The Best Way To Store Carrots To Keep Them Fresh And Crisp For Weeks

Who knew it was so simple?

There's always a race to the finish line when you bring home a big batch of fresh vegetables and fruit from the farmers' market or grocery store. Before you know it, it's the end of the week, and you have rotting asparagus and cilantro in the refrigerator. The plums? Forget about it! They were bruised and mushy days ago.

Different fruits and vegetables call for different approaches to ensure they stay fresh for as long as possible. Just like you wouldn't put a potato in the refrigerator (pantry only!), you don't necessarily treat herbs the same as berries or salad greens. In case you don't already know, there are some lesser-known but incredibly simple tricks for keeping crisp, crunchy veggies like carrots fresh in the refrigerator for weeks at a time.

Should You Rinse Carrots Before Storing?

If you plan to store carrots in a root cellar or a store-bought bag, wait until you intend to cook or use the carrots to wash them. Water left on carrots from rinsing can cause mold to grow, effectively ruining your efforts to preserve them.

What to Do with Your Vegetables Once They Start to go Soft
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What Causes Floppy or Soft Carrots?

Do you ever pull a bag of carrots out of the refrigerator only to find they've gone soft? Don't toss them quite yet. If your carrots look sad and floppy, they may just need a little TLC to get back to prime crispness. Here are a few reasons your carrots might be soft and what to do to fix them.

They're dehydrated

Your carrots might just need a big gulp of water. If you notice that your bag of carrots is bendy, place them in a glass jar or zip-top plastic bag and fill it with water to cover them. Check back in an hour; they should be firming right up.

If you notice this frequently with green-top carrots fresh from the farmers' market or garden, don't fret. Just cut the tops off prior to storing, as they pull moisture from the vegetable root as it sits in your crisper.

They're stored next to ethylene-producing fruits

Ethylene gas, released by fruits like apples, bananas, and pears, negatively affects root vegetables like carrots. It can cause a change in texture and color and cause carrots to rot prematurely. If you catch your carrots getting cozy with the apples in the crisper, check to make sure there is no mold or mushy, rotten spots on the carrots. Then separate the produce, and store your carrots in water to bring them back to life.

Can You Freeze Carrots?

Freezing carrots is always an option if you don't plan to use them immediately. You can freeze cooked or uncooked carrots, but start by scrubbing the vegetables to remove any dirt. Peel them too, if you prefer peeled carrots.

Next, you can shred or chop the carrots and store them in a freezer bag. Another option is to blanch them before freezing, which helps preserve the carrot's bright coloring.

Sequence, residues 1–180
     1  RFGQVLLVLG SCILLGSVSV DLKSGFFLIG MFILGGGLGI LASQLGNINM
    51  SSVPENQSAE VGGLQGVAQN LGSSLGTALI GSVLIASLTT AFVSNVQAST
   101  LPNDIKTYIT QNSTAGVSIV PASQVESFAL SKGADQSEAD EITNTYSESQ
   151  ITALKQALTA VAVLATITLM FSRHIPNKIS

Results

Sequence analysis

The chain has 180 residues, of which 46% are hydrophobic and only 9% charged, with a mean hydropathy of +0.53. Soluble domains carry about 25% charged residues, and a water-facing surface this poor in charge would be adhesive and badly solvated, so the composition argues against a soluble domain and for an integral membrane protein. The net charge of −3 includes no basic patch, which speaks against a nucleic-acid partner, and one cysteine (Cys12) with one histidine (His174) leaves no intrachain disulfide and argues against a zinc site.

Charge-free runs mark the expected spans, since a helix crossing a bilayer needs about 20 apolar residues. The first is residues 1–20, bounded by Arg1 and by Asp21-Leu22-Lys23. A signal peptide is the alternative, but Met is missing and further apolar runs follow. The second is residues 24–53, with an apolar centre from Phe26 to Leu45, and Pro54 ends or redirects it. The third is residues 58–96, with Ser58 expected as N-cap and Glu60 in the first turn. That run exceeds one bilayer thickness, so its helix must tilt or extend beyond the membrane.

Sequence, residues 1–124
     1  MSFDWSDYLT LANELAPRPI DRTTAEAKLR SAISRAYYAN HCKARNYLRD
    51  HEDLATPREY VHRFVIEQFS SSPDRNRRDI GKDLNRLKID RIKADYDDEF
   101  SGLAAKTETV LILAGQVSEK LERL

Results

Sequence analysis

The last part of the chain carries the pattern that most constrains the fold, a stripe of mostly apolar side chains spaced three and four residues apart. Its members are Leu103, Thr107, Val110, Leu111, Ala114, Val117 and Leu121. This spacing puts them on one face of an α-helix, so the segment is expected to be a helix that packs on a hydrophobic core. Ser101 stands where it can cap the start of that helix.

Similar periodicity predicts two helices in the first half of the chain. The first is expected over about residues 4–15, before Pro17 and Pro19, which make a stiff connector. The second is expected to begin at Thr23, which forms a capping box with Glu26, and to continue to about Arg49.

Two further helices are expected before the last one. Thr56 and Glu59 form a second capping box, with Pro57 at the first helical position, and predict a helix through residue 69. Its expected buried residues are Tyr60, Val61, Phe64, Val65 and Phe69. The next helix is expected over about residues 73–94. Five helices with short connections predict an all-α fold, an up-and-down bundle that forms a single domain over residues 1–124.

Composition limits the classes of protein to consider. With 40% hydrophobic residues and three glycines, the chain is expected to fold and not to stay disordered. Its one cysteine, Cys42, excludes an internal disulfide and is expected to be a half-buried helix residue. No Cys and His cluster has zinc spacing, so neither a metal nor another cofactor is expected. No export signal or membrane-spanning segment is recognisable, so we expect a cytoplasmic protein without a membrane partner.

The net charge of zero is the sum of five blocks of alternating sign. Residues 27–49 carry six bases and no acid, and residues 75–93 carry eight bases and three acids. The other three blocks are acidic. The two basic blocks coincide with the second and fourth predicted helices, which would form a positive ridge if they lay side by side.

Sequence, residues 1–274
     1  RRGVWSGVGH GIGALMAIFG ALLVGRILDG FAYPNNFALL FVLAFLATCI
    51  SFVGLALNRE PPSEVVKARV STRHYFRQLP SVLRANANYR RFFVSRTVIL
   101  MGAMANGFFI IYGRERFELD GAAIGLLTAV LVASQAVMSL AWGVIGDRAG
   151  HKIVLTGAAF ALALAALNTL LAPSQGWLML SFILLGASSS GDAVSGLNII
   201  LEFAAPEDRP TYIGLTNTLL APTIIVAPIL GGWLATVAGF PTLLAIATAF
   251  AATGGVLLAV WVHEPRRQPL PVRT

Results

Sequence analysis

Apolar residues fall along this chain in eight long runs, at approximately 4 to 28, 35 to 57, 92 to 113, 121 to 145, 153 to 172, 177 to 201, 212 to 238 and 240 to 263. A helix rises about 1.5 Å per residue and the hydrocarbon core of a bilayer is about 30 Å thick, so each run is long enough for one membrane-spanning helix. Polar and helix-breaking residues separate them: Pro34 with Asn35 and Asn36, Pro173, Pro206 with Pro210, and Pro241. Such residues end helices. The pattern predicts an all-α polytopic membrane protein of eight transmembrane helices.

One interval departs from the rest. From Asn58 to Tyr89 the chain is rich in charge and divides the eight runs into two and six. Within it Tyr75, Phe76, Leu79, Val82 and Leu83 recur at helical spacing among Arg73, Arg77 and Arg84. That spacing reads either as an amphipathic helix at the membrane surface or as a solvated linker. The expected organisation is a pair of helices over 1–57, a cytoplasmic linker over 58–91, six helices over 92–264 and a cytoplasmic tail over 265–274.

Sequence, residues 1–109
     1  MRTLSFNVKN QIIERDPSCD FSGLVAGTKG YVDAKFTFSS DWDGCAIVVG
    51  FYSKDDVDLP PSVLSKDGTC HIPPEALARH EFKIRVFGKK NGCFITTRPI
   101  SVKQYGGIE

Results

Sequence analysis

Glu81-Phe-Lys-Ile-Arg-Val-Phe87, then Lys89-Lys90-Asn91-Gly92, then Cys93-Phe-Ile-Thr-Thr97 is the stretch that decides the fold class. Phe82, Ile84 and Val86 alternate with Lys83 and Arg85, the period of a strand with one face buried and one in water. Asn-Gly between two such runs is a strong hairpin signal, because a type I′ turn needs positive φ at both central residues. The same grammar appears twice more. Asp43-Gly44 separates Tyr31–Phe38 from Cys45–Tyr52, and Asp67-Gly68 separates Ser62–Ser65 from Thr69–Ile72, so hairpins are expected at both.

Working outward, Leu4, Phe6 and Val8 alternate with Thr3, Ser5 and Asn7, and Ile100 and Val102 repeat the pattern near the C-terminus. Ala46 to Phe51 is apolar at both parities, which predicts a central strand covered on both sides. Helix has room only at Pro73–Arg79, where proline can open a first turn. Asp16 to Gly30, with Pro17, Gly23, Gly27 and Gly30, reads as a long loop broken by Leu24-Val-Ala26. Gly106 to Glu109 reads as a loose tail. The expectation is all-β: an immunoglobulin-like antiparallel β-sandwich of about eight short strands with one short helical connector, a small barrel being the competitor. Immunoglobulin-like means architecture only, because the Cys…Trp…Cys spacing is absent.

How to Freeze and Thaw Fruits and Vegetables
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How To Keep Store-Bought Carrots Fresh

That big bag of carrots you bought at the grocery store will last several weeks with proper storage. Here are the best ways to keep your veggies fresh until you get around to them.

Store in an airtight container

To keep carrots their freshest and crunchiest, you only need to rethink how you store them. Keep them in an airtight container submerged in water, and you'll be a happy snacker. You can prep the carrots however you'd like, but the best way is to hold off on peeling the skin for the longest storage time. If you are eating them within a week or two, feel free to chop off the ends and peel them, storing them in a quick-to-use type of way.

This method also works well for celery and baby carrots, though you might want to lay the latter out on a towel to dry before eating. To prioritize long-term freshness, switch out the water every week. We love these airtight glass jars with cute, customizable labels to store prepared carrots and celery. Perishable? Not so much anymore! Carrots preserved this way can stay fresh for up to three weeks.

Best Way to Store Carrots
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Use a root cellar

The most effective method for storing carrots is to use a root cellar. A root cellar is usually completely or partly underground and used to keep fruits, vegetables, nuts, and other canned or packaged goods in a cool, dark place. Pack your unwashed carrots in a root cellar in a sealed container to keep them fresh for months. Carrots stored properly can stay fresh for up to six months in a root cellar.

How to Store Home-Grown Carrots

When buying carrots from a farmers' market or growing your own in a garden, removing the green tops from your carrots as soon as you bring them into your kitchen is essential. The leafy green tops of carrots draw moisture away from the root, which makes them dry out faster.

Carrots on Kitchen Towel
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But you don't have to throw those greens away. Use them to make a pesto instead of basil, or chop them into a gremolata in place of parsley. Carrot greens have a slightly peppery bite, so they'll be put to great use in these versatile sauces.

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